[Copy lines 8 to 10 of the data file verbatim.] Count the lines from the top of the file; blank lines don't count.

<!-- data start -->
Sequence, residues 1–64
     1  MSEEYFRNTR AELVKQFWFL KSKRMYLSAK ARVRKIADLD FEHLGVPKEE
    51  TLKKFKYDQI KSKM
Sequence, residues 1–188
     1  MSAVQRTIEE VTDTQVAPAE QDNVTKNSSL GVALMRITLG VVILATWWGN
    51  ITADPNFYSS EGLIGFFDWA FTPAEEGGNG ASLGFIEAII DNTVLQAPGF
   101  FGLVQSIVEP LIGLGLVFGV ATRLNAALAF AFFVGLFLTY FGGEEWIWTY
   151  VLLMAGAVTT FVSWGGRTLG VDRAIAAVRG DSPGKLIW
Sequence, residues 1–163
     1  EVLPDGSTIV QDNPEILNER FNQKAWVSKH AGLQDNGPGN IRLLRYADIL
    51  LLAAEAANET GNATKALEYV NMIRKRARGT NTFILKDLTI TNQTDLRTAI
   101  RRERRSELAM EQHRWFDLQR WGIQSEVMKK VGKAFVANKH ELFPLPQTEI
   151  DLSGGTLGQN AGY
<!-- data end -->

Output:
   151  VLLMAGAVTT FVSWGGRTLG VDRAIAAVRG DSPGKLIW
Sequence, residues 1–163
     1  EVLPDGSTIV QDNPEILNER FNQKAWVSKH AGLQDNGPGN IRLLRYADIL